Tuesday, October 18, 2011

The Best Post-Climbing Footwear Ever is More Awesome than You Think

They aren't soled with sticky stealth or otherwise rock-tastic rubber. They dont snug tight with laces or velcro. There's no aggressive down-turned camber. These are straight up classic western boots with a modern twist of style and color. I spent the big bucks last fall on a pair of Ariat Boots hoping to find ideal jeans/skirt/dress footwear. What I ended up with were beautiful purple Showbabys with round Fatbaby toes followed shortly thereafter by Sara's hot-as-hell pink Rodeobaby Rockers. Now... 2 pairs of cowboy boots might seem like a lot for one Little Green House and you're probably wondering what this has to do with climbing so here's the secret: These are THE ultimate post-climbing shoe option. And with two climbing girls in the house we each need a pair, of course.

After a good day on Silent Running, Darrington, WA
These boots are some of the most comfortable, supportive footwear I have ever worn. That they are shiny, sassy, versatile and PURPLE and PINK! is bonus. Well, so what, you say, they're cute but why are these the best post-climbing footwear? Honestly, I prefer flipflops. And my goal is to wear them May through November. Most years I don't make it that far and some mid-summer days in Washington just aren't that warm. But when barefoot just isn't an option, these boots provide a fully covered flipflop feel, but with more support and a style that looks better with a kickass skirt on the way in to the B&G for a G&T.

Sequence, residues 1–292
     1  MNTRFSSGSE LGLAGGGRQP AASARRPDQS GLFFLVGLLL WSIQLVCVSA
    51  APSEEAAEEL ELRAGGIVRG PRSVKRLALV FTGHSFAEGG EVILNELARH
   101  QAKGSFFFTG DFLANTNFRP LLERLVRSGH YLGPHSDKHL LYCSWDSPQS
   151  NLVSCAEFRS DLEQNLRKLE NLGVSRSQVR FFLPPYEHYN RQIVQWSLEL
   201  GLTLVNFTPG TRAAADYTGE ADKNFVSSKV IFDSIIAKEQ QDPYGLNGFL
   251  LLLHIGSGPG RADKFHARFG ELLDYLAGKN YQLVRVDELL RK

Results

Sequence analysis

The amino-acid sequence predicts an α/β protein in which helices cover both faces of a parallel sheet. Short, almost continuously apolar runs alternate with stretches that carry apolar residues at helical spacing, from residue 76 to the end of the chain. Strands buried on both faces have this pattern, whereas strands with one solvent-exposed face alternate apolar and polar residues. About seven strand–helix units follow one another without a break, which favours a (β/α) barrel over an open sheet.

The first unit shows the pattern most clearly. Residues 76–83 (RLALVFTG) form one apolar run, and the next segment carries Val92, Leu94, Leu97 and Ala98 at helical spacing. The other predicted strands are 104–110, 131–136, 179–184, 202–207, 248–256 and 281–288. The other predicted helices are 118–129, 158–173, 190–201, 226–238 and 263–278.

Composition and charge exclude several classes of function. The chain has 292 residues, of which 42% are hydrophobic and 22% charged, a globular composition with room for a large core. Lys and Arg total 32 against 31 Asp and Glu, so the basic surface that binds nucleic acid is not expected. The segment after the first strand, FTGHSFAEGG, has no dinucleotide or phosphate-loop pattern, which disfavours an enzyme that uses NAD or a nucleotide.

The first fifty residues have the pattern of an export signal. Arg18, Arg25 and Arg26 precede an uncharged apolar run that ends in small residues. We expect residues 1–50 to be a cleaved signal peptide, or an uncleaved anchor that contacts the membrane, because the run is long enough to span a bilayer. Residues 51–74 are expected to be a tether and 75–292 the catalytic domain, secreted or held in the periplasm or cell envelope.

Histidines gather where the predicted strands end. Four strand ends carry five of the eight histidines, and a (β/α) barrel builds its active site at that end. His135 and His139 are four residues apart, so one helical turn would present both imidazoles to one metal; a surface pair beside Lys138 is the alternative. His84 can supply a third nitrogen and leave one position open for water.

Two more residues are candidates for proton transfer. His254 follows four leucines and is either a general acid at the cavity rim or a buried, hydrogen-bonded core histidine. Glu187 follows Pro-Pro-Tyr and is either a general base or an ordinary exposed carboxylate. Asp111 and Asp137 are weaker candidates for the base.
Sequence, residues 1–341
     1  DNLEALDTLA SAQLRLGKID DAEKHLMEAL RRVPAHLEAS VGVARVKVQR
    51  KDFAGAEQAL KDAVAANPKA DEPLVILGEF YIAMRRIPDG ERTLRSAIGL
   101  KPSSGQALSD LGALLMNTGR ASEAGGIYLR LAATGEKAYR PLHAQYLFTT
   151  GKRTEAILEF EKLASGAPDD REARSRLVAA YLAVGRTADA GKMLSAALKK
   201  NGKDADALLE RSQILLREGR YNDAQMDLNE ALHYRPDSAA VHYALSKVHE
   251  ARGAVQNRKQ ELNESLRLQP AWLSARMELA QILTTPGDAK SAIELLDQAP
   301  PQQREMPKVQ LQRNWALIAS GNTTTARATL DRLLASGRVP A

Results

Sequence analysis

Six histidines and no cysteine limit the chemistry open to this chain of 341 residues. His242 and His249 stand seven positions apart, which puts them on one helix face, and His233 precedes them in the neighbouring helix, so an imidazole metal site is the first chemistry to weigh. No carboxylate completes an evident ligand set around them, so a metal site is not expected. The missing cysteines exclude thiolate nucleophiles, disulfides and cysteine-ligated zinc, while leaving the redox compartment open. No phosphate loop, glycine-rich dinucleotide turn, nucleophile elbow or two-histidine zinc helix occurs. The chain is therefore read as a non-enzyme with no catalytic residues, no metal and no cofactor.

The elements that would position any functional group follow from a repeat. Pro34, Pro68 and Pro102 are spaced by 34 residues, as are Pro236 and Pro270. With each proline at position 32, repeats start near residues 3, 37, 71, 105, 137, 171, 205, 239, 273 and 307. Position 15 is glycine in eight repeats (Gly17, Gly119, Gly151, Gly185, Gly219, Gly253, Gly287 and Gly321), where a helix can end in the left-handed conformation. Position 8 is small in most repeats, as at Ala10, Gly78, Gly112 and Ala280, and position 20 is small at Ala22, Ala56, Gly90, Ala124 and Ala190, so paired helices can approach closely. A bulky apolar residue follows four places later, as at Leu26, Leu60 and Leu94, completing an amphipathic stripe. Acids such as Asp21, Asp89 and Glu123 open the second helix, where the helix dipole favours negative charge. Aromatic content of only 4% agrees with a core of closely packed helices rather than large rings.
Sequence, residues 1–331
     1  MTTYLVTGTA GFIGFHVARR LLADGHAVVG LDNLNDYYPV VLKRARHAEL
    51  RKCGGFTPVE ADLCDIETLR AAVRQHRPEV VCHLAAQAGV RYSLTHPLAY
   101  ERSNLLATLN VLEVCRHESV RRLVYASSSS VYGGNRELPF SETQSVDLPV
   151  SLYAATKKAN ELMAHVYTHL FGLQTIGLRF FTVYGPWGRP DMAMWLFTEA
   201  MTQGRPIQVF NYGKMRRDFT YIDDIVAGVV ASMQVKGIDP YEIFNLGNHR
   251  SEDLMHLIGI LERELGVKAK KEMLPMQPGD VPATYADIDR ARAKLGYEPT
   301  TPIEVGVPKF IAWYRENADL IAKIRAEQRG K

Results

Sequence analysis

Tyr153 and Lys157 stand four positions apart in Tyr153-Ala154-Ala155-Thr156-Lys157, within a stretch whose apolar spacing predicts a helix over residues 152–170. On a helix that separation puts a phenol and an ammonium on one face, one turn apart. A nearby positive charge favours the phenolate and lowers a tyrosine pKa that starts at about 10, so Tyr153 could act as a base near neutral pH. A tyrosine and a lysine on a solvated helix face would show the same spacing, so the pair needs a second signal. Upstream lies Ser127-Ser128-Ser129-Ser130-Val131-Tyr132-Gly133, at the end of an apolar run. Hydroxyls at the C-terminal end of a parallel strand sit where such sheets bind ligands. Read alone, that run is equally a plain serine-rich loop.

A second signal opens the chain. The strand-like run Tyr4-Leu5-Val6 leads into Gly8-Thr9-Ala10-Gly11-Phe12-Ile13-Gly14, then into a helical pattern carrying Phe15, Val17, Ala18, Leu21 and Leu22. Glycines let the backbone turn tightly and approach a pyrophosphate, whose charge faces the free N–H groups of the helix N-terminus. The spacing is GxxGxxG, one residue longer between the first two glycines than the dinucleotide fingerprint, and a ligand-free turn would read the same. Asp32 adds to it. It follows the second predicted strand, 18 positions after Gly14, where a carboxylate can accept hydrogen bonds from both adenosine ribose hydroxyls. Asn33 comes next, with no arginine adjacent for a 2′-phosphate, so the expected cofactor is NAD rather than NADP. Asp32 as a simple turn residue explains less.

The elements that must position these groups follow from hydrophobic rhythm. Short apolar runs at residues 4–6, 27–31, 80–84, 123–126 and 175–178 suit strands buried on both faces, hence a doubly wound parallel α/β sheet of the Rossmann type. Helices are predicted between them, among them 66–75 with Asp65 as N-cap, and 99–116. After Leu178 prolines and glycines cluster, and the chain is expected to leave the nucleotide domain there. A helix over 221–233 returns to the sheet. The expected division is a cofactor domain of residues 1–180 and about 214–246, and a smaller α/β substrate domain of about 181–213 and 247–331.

I have a narrow foot from the mid to the heel, but a wider ball and when I step my arch turns to mush which makes my feet tire out fairly quickly without good support. The width of the round toe Showbabys fits my foot best, but the more classic toe of the Rodeobaby's is also comfortable for all day.

Both pairs of boots are built with Advanced Torque Stability Technology (aka ATS(r)) which is a fancy schmancy way of saying the footbeds of these boots are constructed to provide support and help with better posture. All things I need, especially after a long day in not so comfortable rock shoes. Ariat claims this type of construction also helps reduce fatigue, which I'd support - I can wear them all day without getting achy.

The no-slip rubber soles feel secure and stable on slippery rock at trailheads (or on frosty grass fields while walking Maile the Great). I've come unprepared to hike at the spur of the moment and ended up halfway uphill doing just fine on loose dirt and rock with these boots.